28 62 120 250 380 750 1200 2160 4460
62 134 260 540 810
133 290 544 1130 1700 a a a a a a
23 50 100 200 310 610 980 1760 3640
51 110 210 440 660
109 230 450 930 1400 a a a a a a
56 120 240 500 750 1470 2370 4230 8730
120 260 500
1100 2400 4540 9500 14,200 a a a a a a
43 93 180 380 570 1120 1800 3200 6620
93 200 390 800
200 420 800 1680 2500 4900 7800 a a a a
1 11⁄4 11⁄2 2 21⁄2 3 4 6 8
1 11⁄4 11⁄2 2 21⁄2 3 4 6 8
1 11⁄4 11⁄2 2 21⁄2 3 4 6 8
1 11⁄4 11⁄2 2 21⁄2 3 4 6 8
1060 1600 3100 5000 8860 18,200 53,600
1210 2350 3780 6710 13,800 40,600 83,600
1590 2550 4550 9340 a a
1300 2100 3710 7630 a a
For these sizes and pressure losses, the velocity is above 7000 fpm. Select another combination of sizes and pressure loss.
Reprinted by permission of the American Society of Heating, Refrigeration and Air-Conditioning Engineers, Atlanta, Georgia, from the 1989 ASHRAE Handbook-Fundamentals
Where a test valve is installed in the trap discharge piping, visual inspection is the most positive method of testing. Thermostatic Traps, and F & T Traps modulate in operation. The discharge should be steady. Bucket Traps and Disc Traps cycle and the discharge should be intermittent. The trap is often discharging condensate above 212°F. When this high temperature condensate discharges to atmosphere flash steam may be present. Flash steam is normal and is not an indication of trap failure. Flash steam is a low velocity white colored discharge with a large stream of condensate. If the trap is blowing live steam it will be at high velocity—a clear area will be present ahead of where the steam begins to condense. Then, a bluish steam will begin and there will be less condensate along with the steam. When no test valve is installed other methods may be used. When the piping ahead of the steam trap is cold, this is an indication that the trap has failed in a closed position. Temperature measuring devices may be used to test thermostatic traps. The temperature immediately ahead of the trap should be lower than the steam coil, radiator, etc. Listening devices may be used to test traps that cycle, these include Bucket Traps and Disc Traps. As the linkage or disc opens, a low pitch sound occurs as condensate discharges. The linkage or disc closing can then be heard. No other sound should follow. A trap blowing live steam will have a higher pitch whistle as steam blows across the orifice. F & T Traps modulate and discharge at saturation temperature. A fast response temperature scanner may be used to test operation. You will be looking for two-phase flow in the discharge line. Two-phase flow has steam in the discharge line and will be over 212° F. along the piping. Flash steam normally condenses in a short length of piping and will drop in temperature along the pipe. Live steam carried through the pipe will maintain a near constant temperature. Where several traps are used in similar applications make a comparison between different trap discharge temperatures. You will soon be able to pick out a defective trap. Both a listening device and a temperature scanner should be available to spot trap problems. Sight checkers provide a positive way to check steam traps. A sight checker would be installed in the outlet piping from the trap. When the trap opens the ball check lifts off the seat. It can be seen moving inside the glass enclosure. When the trap closes the ball should seat. If the trap is blowing live steam the ball will move inside the housing. Many independent trap survey companies will do field testing of traps. Due to the high cost of waste energy from defective steam traps, a trap survey normally has a good payback.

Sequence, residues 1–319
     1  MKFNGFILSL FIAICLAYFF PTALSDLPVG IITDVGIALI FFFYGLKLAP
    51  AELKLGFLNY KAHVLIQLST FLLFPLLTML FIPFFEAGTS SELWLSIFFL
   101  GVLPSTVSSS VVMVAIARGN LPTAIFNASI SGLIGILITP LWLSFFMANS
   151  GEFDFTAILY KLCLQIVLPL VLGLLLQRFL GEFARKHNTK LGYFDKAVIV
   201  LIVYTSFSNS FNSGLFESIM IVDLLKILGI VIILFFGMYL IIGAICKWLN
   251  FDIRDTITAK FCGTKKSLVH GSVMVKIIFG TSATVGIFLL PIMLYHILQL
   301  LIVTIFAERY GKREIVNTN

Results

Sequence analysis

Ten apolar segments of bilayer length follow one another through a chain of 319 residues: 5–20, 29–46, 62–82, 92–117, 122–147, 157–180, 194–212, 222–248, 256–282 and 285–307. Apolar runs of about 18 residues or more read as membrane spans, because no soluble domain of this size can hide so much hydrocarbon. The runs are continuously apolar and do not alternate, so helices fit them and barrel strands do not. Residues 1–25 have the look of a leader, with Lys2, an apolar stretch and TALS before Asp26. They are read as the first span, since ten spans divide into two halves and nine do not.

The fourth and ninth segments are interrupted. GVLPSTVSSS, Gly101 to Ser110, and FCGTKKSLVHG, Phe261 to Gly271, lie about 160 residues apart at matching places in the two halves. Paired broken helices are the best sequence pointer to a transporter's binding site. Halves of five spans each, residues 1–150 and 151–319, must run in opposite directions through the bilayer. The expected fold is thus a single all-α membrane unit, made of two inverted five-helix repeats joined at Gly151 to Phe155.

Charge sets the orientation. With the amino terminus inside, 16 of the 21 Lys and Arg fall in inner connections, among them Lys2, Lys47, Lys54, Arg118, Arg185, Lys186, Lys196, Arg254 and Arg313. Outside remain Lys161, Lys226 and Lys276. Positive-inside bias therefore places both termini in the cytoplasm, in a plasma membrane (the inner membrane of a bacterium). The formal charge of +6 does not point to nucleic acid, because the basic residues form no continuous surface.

Testing Steam Traps
HAS STEAM SYSTEM STABILIZED?
WAIT FOR STABILIZATION
IS TRAP HOT?
IS STEAM TURNED ON?
TURN STEAM ON
YES A SYSTEM PROBLEM FIND AND CORRECT
PRESSURE TO TRAP?
WHAT KIND OF TRAP?
TRAP HAS PROBABLY FAILED CLOSED OR IS AIRBOUND
Check list–step by step
Testing Steam Traps
Objective: Determine if trap is performing properly & efficiently. Types of Tests: Temperature, pressure, flow. How to Check: Listening device, temperature device, visual. Listening Devices: Screwdriver, stethoscope, ultrasonic tester. Temperature Devices: Gloves, water gun, crayons, pyrometer, infrared. Real Reason: Hot-cold, Go/no go, Repair or replace. 43
Trap Type is a Factor
Thermostatic • Modulates • Discharges continuously. • Sound test—rush of condensate, hiss of live steam. • Visual—must distinguish between flash & live steam.
Float & Thermostatic • Modulating device. • Element passes air. • More intense—for failed element passing • steam. • Orifice failure—erosion. • Must distinguish between live steam & • flash steam. • Crushed ball—failure mode is closed.